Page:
By Karl Stampfl

Daily Staff Reporter

David Kay, the man who led the fruitless search for weapons of mass destruction in Iraq in 2003, said the United States should be paying more attention to Mexico, which he says may pose a threat to national security.

Kay delivered the Harold Jacobson Memorial Lecture yesterday afternoon in the Rackham Amphitheatre on the future of nuclear nonproliferation.

He said the United States’s lack of intelligence on Mexico is another example of the flaw that led experts to incorrectly believe Iraq had WMDs – overconfidence.

“Because we like margaritas and tacos and grew up in Texas, we think we understand Mexico,” Kay said. “But this is a state that is among the most corrupt in the world.”

In a recent survey by Transparency International, Mexico ranked as the 21st most corrupt country.

Eight countries have declared nuclear weapons programs – the United States, Russia, the United Kingdom, France, China, India, Pakistan and North Korea – while several others, including Iran and Ukraine, are suspected of possessing nuclear weapons but have not acknowledged their alleged capabilities.

Kay said nuclear proliferation is one of the biggest threats facing the world today because technological barriers are no longer enough to prevent countries from developing weapons programs.

“The technology is out of the bottle,” he said. “It’s readily available. It’s not a matter of skill, it’s a matter of cost.”

Kay said firms will develop nuclear weapons for countries that do not have the technology for about $10 million.

“Virtually anyone can become a nuclear power overnight,” he said.

Kay said the current political system is ill-equipped to deal with the threat of increased nuclear proliferation. Efforts to stem nuclear proliferation failed in the 1980s when several nations, including India and South Africa, developed programs.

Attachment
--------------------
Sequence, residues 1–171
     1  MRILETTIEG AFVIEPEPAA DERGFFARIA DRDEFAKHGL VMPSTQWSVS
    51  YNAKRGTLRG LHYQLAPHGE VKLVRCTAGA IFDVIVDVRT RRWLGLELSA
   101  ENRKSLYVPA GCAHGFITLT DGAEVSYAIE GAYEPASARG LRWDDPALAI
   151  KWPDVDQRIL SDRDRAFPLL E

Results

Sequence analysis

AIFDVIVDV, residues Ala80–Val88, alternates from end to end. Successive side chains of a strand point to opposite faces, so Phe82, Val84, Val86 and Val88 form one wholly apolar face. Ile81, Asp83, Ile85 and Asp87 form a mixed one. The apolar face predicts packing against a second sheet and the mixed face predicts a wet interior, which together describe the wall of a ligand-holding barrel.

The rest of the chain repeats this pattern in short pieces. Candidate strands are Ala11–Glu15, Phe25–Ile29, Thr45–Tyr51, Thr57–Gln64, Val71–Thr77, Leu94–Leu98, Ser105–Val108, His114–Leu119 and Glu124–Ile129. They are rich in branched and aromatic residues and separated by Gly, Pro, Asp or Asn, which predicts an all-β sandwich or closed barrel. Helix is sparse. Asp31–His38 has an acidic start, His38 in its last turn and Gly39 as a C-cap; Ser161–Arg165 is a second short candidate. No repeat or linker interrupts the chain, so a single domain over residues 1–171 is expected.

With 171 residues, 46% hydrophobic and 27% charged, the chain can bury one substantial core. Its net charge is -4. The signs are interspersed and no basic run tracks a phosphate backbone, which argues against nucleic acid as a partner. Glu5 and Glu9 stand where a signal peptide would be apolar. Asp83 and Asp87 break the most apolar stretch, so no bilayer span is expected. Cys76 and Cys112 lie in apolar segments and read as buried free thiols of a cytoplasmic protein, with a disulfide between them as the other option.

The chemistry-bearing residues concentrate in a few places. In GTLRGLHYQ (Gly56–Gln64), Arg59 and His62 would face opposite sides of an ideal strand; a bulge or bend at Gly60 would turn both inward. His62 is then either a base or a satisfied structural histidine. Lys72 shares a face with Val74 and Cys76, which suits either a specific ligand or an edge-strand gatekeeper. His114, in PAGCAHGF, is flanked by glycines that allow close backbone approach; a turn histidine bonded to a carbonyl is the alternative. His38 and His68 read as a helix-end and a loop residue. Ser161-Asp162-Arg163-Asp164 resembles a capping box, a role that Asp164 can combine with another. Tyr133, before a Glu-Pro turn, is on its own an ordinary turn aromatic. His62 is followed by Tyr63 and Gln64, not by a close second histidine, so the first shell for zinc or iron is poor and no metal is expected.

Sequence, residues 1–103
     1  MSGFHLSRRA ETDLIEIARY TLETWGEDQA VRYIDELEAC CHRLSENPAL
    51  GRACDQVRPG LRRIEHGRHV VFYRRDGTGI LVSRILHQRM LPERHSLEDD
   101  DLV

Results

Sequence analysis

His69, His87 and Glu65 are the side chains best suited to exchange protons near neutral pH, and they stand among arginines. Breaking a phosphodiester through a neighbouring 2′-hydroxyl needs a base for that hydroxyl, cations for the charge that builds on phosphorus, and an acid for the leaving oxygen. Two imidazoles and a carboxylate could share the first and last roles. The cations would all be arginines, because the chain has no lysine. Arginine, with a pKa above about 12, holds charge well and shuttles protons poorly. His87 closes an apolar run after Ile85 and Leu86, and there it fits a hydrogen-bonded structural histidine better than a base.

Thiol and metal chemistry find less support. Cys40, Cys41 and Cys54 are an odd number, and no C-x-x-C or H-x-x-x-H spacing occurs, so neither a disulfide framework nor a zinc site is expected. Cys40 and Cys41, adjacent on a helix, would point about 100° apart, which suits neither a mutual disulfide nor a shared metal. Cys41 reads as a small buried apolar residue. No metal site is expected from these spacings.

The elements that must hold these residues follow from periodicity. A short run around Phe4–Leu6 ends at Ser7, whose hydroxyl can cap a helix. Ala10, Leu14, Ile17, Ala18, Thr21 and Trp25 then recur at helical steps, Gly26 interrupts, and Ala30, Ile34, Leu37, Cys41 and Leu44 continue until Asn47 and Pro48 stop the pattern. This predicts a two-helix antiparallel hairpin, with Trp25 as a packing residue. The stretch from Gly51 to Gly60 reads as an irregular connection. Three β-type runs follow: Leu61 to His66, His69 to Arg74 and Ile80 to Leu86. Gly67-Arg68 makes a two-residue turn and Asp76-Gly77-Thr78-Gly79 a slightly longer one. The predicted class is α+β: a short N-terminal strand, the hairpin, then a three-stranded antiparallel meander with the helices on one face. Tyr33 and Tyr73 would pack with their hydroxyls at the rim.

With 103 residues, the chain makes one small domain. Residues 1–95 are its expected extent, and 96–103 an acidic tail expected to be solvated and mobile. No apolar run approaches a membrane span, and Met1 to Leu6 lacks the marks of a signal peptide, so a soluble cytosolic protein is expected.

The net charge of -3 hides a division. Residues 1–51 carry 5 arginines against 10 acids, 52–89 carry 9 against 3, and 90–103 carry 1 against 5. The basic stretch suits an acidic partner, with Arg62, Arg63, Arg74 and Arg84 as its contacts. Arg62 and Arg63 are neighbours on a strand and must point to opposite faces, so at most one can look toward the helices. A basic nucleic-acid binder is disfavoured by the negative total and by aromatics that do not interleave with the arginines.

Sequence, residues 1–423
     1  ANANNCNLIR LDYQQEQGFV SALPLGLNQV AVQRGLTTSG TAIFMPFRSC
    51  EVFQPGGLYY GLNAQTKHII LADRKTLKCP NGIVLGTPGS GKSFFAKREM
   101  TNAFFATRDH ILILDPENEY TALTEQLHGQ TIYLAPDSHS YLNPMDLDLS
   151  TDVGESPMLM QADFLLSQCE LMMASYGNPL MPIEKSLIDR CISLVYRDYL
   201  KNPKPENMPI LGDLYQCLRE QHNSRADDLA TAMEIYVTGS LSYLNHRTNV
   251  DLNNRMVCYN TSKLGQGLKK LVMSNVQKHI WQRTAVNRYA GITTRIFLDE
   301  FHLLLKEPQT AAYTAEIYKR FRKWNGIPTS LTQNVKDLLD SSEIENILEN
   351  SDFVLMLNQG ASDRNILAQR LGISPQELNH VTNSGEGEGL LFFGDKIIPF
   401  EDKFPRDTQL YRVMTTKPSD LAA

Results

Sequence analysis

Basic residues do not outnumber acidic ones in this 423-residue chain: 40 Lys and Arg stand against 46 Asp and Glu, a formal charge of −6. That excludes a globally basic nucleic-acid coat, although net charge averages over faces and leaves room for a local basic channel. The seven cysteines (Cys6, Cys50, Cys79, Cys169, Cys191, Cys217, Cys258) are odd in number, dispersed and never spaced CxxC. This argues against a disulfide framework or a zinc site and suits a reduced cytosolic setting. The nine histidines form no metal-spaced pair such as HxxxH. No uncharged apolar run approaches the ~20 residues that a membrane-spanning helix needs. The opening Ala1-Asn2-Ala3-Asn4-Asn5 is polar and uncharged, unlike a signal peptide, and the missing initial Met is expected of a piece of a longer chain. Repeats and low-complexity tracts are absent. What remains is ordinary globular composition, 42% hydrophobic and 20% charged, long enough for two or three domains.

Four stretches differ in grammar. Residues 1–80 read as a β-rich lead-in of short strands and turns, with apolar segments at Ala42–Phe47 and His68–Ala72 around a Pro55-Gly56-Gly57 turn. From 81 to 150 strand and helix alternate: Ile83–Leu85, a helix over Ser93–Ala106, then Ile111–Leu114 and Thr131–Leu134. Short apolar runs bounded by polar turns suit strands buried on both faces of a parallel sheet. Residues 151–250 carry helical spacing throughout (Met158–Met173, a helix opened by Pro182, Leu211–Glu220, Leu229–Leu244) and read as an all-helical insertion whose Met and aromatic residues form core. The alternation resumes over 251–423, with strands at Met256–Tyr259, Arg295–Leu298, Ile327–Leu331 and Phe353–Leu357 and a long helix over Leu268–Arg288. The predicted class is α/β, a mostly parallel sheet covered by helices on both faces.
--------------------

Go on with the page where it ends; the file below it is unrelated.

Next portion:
Kay said U.S. intelligence gathering efforts have to be improved to better understand and predict the actions of other nations. For example, he said that of the 1,400 people he led into Iraq to search for WMDs, only two spoke fluent Arabic.

“How can you understand a society without having anyone that can speak its language?” he said.

Another problem that plagues U.S. intelligence is a lack of accountability, he said.

Kay said few officials in U.S. intelligence agencies are willing to tell policymakers what they don’t want to hear, and even fewer are willing to admit they don’t know something.

Kay said he is also concerned about the large number of failed states that may acquire WMDs out of desperation.

“I’m convinced the dominant focus of international politics in the next 25 years is going to be learning to deal with a failing-state system,” he said.

LSA freshman Daniel Albertus, who attended yesterday’s lecture, agreed with Kay that U.S. intelligence gathering is flawed.

“In order to overcome the problem of nuclear proliferation, we have to overcome the problems of the system,” he said.

But Kay said preventing proliferation is not only a task for the United States.

“It’s an international thing, but we must lead it,” he said.

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